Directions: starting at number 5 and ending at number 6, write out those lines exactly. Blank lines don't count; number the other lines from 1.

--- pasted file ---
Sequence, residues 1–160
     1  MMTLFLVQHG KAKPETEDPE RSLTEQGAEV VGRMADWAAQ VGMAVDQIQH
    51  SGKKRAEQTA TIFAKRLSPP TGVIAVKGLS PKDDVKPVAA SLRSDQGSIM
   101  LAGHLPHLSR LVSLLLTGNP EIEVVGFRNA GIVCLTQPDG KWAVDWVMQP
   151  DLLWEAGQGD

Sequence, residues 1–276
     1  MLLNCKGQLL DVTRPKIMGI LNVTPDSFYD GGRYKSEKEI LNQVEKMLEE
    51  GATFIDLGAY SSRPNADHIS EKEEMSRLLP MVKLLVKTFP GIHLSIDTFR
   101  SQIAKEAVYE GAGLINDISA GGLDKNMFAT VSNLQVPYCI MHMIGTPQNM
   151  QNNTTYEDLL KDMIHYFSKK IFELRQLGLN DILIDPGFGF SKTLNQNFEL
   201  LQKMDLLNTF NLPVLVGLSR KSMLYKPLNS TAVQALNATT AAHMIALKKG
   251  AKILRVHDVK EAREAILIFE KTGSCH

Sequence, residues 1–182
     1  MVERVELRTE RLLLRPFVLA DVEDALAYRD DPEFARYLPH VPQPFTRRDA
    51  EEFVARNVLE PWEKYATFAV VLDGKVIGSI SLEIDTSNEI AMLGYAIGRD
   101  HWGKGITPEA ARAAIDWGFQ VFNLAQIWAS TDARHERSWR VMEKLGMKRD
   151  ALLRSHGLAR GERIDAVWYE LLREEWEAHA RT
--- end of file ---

   151  DLLWEAGQGD

Sequence, residues 1–276